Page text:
The following month, in Evanston, Illinois, local lawmakers approved a plan to make reparations available to black residents over historical discrimination and the lasting effects of slavery.

The plan, the first of its kind in the US, will see the suburb of 75,000 people distribute $400,000 to eligible black households.

As part of the plan, the city will award $25,000 to a small number of eligible Black residents for home down payments, mortgage payments, or home repairs.

"Our goal here in Evanston is to repair the egregious acts against the Black community, specifically by the Evanston municipal government," said Robin Rue Simmons, one of the drivers behind the plan.

The funds are set to be distributed beginning this summer, however, the plan is already off to a rocky start.

Critics have argued that what the city is offering is actually a housing voucher program and not reparations.

Rose Cannon, an organizer of Evanston Rejects Racist Reparations, told ABC7 reparations should be direct payments to black residents with no restrictions on how to spend them.

"We want them to stop calling it reparations," she said, adding she fears other cities may follow Evanston's lead. "You can have this program if you want to, but just call it a housing program."

Elsewhere in the country, officials in Asheville, North Carolina, approved a budget agreement that sets aside $2.1 million to fund reparations earlier this month.

The money for reparations will come from city land first purchased for $3.7million in the 1970s as part of a series of urban renewal programs that tore apart black communities, the Asheville Citizen-Times reports.

"We must collectively strive to close gaps of the immeasurable distance between us and affirm the promise of the Declaration of Independence that all people have the right to life, liberty, and the pursuit of happiness," Mayor Esther Manheimer read in the proclamation.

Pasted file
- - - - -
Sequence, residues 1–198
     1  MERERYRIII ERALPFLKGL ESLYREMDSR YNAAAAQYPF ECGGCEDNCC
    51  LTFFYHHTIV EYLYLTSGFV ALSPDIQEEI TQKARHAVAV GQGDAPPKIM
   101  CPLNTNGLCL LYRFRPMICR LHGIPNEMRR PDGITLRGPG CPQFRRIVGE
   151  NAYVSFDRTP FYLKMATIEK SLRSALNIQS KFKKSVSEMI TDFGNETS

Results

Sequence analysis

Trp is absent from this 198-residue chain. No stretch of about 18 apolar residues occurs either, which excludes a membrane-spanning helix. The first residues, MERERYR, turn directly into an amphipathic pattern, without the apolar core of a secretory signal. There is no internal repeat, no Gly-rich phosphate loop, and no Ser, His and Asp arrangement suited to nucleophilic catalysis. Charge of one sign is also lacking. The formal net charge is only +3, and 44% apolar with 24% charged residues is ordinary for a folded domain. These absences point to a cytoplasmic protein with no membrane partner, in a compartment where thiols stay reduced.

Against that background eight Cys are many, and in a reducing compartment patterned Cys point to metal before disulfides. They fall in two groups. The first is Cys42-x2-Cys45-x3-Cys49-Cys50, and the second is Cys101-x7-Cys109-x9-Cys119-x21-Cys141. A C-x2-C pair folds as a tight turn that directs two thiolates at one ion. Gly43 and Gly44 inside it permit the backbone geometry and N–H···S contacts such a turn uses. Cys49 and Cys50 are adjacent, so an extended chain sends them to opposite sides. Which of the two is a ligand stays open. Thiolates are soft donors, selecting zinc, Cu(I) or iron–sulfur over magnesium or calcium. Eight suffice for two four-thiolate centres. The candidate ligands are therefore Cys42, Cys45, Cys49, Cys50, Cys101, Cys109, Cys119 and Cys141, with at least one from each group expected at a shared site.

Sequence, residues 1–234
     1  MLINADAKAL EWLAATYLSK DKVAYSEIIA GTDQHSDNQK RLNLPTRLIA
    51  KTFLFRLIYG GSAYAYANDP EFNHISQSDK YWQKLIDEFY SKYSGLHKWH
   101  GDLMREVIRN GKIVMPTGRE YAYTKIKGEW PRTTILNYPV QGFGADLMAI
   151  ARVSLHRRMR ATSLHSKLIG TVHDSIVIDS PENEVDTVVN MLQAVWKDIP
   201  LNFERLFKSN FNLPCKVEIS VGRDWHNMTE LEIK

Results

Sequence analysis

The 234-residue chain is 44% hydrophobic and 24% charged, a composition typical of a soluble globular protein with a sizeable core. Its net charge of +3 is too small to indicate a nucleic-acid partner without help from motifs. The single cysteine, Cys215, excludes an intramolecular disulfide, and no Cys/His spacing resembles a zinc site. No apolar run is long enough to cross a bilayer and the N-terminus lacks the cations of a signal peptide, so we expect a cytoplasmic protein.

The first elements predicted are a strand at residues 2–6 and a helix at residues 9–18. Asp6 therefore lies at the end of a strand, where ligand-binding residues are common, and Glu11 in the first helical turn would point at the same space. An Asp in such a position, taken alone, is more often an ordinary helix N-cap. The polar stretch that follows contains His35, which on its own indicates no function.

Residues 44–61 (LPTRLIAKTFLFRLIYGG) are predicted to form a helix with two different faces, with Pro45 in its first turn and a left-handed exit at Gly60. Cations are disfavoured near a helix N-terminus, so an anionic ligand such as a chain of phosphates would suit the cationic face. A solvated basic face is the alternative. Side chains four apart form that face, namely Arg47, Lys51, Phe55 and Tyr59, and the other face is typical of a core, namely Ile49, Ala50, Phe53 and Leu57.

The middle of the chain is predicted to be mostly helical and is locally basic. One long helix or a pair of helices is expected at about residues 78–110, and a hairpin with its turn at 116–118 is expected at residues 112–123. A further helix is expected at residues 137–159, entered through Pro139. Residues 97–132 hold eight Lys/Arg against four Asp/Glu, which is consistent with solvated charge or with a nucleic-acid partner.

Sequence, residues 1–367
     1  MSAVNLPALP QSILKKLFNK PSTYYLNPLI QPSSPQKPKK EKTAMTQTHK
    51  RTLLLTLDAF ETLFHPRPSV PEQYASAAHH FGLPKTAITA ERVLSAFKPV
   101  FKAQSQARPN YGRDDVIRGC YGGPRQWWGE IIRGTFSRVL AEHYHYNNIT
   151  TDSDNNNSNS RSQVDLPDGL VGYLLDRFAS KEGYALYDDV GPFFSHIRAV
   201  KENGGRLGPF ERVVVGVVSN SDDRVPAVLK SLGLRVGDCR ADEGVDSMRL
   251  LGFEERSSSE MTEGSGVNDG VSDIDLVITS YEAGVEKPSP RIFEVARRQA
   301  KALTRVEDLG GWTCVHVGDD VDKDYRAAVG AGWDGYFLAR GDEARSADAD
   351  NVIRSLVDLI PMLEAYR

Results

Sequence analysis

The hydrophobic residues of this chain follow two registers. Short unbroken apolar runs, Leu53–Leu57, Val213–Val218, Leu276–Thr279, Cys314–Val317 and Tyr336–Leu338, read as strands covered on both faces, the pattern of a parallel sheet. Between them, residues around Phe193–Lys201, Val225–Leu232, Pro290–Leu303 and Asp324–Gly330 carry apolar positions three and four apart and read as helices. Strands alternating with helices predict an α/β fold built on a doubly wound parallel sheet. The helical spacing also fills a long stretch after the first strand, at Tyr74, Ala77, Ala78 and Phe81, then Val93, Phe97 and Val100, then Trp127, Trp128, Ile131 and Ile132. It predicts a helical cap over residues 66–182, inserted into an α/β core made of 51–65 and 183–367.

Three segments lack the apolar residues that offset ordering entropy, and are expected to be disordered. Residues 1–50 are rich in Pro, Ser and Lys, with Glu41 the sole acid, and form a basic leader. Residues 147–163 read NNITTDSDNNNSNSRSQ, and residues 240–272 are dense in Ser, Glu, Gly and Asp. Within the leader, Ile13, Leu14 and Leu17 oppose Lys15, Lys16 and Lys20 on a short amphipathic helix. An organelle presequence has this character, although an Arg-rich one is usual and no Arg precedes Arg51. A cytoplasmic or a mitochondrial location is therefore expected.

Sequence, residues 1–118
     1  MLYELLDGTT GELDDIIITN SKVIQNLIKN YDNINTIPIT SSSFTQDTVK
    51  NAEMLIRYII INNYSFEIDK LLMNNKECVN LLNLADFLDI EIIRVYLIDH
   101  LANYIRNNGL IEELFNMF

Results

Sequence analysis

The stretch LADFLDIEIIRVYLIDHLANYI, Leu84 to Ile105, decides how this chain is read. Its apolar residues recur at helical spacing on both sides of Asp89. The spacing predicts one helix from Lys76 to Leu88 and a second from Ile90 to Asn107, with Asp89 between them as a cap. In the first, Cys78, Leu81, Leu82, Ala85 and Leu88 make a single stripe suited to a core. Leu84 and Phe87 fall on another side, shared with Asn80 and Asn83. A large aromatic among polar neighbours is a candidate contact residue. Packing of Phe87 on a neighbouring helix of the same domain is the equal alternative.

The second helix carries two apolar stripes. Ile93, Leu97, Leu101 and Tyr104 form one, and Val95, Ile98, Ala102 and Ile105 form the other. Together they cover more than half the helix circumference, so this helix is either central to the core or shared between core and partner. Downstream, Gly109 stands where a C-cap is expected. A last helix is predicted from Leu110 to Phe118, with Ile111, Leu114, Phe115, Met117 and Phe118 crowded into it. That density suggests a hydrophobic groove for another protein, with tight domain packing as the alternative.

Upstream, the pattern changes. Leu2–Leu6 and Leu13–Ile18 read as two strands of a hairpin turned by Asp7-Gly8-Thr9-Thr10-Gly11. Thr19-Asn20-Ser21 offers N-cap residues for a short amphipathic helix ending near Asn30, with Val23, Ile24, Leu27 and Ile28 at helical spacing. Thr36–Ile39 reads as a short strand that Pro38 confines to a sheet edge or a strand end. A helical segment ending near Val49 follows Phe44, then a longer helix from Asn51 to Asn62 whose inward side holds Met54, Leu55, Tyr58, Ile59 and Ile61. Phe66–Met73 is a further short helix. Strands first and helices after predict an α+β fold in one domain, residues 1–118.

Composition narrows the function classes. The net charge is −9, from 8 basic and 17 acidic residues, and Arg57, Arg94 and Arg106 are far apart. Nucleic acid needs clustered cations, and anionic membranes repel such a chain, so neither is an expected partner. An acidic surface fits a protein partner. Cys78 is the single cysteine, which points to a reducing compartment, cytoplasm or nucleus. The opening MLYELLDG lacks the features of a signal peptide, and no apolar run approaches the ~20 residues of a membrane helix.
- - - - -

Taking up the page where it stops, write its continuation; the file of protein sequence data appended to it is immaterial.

The money will not go directly into pockets, but will instead be used to invest in low-income black communities and fund a series of other programs to address the racial wealth gap.

Mecklenburg County, in North Carolina, has also committed $2 million toward a reparations-like equity program to help black residents buy homes and obtain small business grants.

Also this month, in Detroit, thousands have signed a petition to call on the city to vote on reparations this fall.

The efforts are being led by the Michigan Democratic Party (MDP) Black Caucus.

If successful, the initiative would establish a committee to oversee the creation and development of a "Reparations Fund" that would distribute funds “to address historical discrimination against the Black community in Detroit.”

California also launched its own reparations committee on June 2 to investigated how the state might compensate black residents for slavery and the knock-on effects it caused.

The committee, the first of its kind in the nation, will investigate the matter over the course of the next two years.